As many businesses continue to suffer unprecedented disruption due to forced closures and severe reductions in trade due to the Coronavirus COVID-19 worldwide pandemic, there is currently a raging debate among the insurance and legal communities in Australia about whether business interruption insurance cover for COVID-19 may be properly excluded by policies which seek to exclude ‘diseases declared to be quarantinable diseases under the Australian Quarantine Act 1908 and subsequent amendments’.
Business interruption insurance cover can extend to situations where there has been an outbreak of contagious disease at or near to the location of the insured business, or which has caused the business to be ordered by the Government or public authority to be closed or evacuated. Such cover often comes with an exclusion for quarantinable diseases. This exclusion was introduced following the SARS outbreak in 2002 and then widely adopted following the avian influenza outbreak in 2006 and swine flu in 2009. Diseases declared to be quarantinable diseases under the Quarantine Act include these diseases and also cholera, plague, rabies, yellow fever, smallpox and ebola.
In 2015, the Quarantine Act was repealed. It was replaced by a revamped legislative regime called the Biosecurity Act 2015. The Biosecurity Act does not use the classification system previously used by the Quarantine Act of ‘quarantinable diseases’ and ‘notifiable diseases’. Instead it uses a different regime which includes identifying certain diseases as ‘listed human diseases’ which are diseases that are communicable and cause significant harm to human health. This list under the Biosecurity Act is very similar to the last list of quarantinable diseases under Quarantine Act before it was repealed, with the important exception that the list under the Biosecurity Act now includes COVID-19, added on 21 January 2020. In each case it was and is the Governor-General who had and has the responsibility of declaring whether a disease is to be included in these lists.
After the Quarantine Act was repealed, many policies updated the exclusion to refer to listed human diseases under the Biosecurity Act. But for many policies the exclusion was not updated, raising the question under debate for such policies – can an exclusion that only refers to the Quarantine Act apply to COVID-19?
Of course, given the recent birth of COVID-19 there are no Court decisions on this point. On one side are those for the insureds – arguing that the Biosecurity Act is not a subsequent amendment to the Quarantine Act. On the other side are those for the insurers – arguing that the obvious intent of the exclusion is to exclude all diseases with pandemic potential.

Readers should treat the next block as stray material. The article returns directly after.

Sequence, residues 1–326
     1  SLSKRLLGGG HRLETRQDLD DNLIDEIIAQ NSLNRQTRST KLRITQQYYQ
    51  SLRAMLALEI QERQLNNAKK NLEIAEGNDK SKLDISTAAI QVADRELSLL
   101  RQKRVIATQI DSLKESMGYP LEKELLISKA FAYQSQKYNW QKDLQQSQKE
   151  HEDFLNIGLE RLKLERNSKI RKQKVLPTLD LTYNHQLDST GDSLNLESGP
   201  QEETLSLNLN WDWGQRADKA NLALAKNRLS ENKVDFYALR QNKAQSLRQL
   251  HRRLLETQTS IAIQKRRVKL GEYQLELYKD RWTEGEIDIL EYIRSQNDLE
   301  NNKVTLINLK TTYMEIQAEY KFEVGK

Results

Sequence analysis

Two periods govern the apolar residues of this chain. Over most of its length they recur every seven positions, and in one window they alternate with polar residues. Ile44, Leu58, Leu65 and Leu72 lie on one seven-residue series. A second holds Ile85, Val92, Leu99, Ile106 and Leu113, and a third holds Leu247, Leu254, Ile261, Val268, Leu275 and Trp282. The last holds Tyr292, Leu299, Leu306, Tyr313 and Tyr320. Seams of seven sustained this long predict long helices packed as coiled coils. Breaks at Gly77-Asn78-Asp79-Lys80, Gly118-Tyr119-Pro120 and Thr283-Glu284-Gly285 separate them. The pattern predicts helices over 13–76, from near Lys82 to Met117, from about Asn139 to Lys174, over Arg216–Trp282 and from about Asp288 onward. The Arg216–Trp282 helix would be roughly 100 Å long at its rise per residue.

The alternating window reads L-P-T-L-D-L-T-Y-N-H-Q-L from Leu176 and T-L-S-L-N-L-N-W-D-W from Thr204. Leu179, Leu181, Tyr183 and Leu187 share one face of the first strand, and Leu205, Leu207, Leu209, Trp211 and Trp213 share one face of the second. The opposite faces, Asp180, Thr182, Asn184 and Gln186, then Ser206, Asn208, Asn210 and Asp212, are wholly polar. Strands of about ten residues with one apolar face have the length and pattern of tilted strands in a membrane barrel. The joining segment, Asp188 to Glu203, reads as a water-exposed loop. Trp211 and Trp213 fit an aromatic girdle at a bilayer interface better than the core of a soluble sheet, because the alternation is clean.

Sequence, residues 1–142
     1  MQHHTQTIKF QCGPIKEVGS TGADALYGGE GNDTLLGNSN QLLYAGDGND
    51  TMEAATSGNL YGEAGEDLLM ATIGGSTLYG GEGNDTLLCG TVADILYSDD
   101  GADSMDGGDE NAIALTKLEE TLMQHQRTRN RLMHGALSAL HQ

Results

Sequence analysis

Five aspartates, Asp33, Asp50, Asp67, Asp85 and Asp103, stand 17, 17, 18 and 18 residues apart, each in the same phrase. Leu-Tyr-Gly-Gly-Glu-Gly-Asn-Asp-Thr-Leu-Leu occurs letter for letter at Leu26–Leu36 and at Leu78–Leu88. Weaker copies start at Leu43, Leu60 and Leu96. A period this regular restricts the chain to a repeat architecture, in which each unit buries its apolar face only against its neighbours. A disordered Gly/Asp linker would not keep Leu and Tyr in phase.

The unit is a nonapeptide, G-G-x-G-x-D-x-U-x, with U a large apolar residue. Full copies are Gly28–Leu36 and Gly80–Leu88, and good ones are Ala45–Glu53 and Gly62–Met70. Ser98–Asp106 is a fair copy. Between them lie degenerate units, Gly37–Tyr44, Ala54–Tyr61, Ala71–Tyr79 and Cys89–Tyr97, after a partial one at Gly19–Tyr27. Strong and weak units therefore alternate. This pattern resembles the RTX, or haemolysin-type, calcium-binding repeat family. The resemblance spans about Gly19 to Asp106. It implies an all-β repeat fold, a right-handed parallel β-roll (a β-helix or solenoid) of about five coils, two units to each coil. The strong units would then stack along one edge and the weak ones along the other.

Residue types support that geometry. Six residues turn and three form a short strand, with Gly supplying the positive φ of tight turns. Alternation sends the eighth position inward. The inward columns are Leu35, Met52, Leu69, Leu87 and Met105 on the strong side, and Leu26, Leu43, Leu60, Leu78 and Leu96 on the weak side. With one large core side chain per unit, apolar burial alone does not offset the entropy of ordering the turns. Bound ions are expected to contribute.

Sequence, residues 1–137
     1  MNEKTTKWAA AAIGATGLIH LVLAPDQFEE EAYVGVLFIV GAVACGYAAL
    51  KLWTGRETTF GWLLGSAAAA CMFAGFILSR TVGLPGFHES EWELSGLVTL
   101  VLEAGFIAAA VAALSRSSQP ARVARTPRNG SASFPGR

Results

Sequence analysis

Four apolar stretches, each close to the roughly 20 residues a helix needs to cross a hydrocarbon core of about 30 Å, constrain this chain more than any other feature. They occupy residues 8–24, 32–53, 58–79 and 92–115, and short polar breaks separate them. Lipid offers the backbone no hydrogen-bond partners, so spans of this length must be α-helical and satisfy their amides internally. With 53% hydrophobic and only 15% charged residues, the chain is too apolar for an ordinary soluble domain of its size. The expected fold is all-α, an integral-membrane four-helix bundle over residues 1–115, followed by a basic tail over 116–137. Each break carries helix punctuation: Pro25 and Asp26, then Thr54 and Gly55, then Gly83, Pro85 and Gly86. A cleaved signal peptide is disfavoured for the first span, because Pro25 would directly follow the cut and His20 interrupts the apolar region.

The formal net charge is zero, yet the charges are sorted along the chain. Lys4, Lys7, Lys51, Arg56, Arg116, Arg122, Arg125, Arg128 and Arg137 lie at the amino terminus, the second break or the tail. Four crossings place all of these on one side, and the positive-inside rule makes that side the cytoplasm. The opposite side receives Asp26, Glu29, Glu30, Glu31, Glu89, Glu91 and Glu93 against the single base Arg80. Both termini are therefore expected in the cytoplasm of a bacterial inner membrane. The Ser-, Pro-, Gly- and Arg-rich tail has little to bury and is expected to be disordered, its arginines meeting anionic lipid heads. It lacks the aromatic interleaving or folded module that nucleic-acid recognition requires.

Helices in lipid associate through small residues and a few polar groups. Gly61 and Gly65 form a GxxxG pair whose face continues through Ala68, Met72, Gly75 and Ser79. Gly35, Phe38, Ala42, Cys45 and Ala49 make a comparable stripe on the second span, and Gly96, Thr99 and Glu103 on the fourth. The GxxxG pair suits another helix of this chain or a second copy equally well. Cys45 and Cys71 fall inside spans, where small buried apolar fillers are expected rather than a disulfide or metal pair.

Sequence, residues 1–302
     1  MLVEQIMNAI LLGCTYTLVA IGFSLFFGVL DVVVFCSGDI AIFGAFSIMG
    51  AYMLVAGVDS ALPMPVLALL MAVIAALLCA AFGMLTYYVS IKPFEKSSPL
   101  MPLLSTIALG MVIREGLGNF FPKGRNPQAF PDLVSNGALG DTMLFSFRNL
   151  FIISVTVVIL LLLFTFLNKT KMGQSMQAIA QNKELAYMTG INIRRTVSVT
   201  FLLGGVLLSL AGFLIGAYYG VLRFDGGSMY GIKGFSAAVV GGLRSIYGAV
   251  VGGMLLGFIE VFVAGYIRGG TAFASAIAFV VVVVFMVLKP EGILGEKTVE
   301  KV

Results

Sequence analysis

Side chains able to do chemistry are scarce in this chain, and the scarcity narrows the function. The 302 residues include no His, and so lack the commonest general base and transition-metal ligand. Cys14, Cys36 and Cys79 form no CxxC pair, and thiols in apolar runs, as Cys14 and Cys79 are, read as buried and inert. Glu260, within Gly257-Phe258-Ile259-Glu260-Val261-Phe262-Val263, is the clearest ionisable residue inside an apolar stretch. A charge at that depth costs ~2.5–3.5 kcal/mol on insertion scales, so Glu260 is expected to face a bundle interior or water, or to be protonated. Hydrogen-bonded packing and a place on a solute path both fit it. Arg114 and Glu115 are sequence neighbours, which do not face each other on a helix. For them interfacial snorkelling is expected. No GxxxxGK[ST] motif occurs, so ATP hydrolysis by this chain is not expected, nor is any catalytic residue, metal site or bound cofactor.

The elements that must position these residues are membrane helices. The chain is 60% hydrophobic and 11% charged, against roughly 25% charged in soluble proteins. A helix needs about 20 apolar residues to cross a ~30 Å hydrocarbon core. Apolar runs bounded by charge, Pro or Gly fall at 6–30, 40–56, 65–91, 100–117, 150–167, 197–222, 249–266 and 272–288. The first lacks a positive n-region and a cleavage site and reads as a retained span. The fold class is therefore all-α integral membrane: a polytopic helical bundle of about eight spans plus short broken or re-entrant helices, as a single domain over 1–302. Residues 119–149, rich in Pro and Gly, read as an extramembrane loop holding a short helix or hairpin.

It seems ultimately that this question will be determined by the judiciary. This determination may not be far away. It is a narrow question perfect for the Federal Court’s insurance list for short matters created to cater for the prompt and efficient resolution of insurance law policy interpretation issues.
Which side will win remains to be seen. Presently, the expectation is that those for the insurers have the more difficult case. It is unlikely that it would be accepted that an insurance policy would contain an implied term that reference to a certain Act should include another Act where the two are separate legislative instruments. But whilst the Biosecurity Act ushered in a new regime for the protection of Australia from biosecurity risks and emergencies, the Quarantine Act which it replaced had the same objectives. The argument that the clear intent and commercial objective from a business perspective of an exclusion referring to quarantinable diseases is to exclude a disease like COVID-19 is attractive. But if the reason that the exclusion was not updated was mere oversight by the insurer, this would likely not be enough to invoke the Court’s equitable relief of rectification to correct the mistake. The insurer wrote the policy terms in the first place. There needs to compelling evidence that the terms of the policy do not express the parties’ common intentions before a Court would be prepared to rewrite the contract.
Watch this space!
If you have a business interruption cover included in your policy, and your business has been impacted by COVID-19, you should make a claim under policy to recoup your losses. Our commercial Litigation lawyers can help you through the process.
If you are ever in the unfortunate situation of your insurer refusing to cover all or part of a claim made under your insurance policy, it is vitally important that you promptly seek expert legal advice. If your claim for business interruption is not covered on the basis of an exclusion in the policy, we can provide you with expert advice as to whether the position taken by the insurer is justified, or whether the claim should be covered, and can assist you through the process of obtaining the cover provided by the policy that you paid for.
Stone Group Lawyers are here to help. Call 1300 088 440 to arrange your free 30 minute consultation for new clients via phone, Facetime, Skype or Whatsapp.
Berren Hamilton is a Special Counsel (Litigation) at Stone Group Lawyers. He is an Accredited Specialist in Commercial Litigation with the Queensland Law Society. He was admitted to practise in Queensland in 2001.